This book explores how cities are shaped by the lived experiences of inhabitants and examines the ways they develop strategies to cope with daily and unexpected challenges. It argues that migration, livelihood, and public health challenges result from inadequacies in the hard city-urban assets, such as land, infrastructure, and housing, and asserts that these challenges and escalating vulnerabilities are best negotiated using the soft city-social capital and community networks. In so doing, the authors criticise a singular knowledge system and argue for a granular, nuanced understanding of cities-of the interrelations between people in places, everyday urbanisms, social relationships, cultural practices, and histories. The volume presents perspectives from the Global South and the Global North and engages with city-specific cases from Africa, India, and Europe for a deeper understanding of resilience.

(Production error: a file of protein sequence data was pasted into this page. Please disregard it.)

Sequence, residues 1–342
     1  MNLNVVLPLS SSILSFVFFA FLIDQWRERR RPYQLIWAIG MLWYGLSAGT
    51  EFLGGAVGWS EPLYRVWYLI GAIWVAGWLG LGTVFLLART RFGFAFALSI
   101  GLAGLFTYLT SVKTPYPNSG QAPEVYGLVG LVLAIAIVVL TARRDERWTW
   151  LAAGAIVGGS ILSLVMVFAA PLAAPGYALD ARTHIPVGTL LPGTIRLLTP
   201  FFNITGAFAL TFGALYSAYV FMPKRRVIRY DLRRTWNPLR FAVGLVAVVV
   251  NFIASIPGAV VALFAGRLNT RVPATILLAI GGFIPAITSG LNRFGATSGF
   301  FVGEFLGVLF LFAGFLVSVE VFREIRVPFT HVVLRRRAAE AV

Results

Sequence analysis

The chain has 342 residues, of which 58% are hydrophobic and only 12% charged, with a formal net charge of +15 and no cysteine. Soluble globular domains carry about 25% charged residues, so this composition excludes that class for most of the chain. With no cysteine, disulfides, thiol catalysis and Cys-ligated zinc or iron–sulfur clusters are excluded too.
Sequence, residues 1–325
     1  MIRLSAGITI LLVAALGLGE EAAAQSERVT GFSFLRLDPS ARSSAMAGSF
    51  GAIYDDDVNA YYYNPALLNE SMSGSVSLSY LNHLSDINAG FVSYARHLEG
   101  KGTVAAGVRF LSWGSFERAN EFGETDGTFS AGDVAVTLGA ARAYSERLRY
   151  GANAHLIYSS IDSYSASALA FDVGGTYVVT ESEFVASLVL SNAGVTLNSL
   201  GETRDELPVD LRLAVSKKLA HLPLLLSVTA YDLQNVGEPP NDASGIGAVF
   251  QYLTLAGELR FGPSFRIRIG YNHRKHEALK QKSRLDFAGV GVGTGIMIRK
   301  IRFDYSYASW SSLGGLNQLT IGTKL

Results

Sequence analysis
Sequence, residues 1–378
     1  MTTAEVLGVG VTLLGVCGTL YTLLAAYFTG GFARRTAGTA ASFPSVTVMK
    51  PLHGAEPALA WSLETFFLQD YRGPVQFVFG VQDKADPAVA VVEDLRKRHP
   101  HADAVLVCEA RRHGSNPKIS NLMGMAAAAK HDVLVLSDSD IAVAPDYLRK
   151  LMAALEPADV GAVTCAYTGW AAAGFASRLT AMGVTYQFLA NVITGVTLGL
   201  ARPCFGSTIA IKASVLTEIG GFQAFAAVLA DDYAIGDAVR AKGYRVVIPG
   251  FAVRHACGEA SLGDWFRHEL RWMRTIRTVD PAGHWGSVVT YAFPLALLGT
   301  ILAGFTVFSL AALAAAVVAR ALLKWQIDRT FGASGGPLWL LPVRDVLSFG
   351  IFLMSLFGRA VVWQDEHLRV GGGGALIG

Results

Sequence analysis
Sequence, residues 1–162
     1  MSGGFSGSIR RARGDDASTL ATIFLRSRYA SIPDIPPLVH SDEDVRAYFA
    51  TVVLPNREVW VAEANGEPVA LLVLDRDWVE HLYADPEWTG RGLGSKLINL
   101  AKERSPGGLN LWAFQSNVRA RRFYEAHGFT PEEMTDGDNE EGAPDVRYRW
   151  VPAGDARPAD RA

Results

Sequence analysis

Part of the Urban Futures series, it will be of great interest to students and researchers of urban studies, urban planning, urban management, architecture, urban sociology, urban design, ecology, conservation, and urban sustainability. It will also be useful for urbanists, architects, urban sociologists, city and town planners, policy makers, and those interested in a deeper understanding of the contemporary and future city.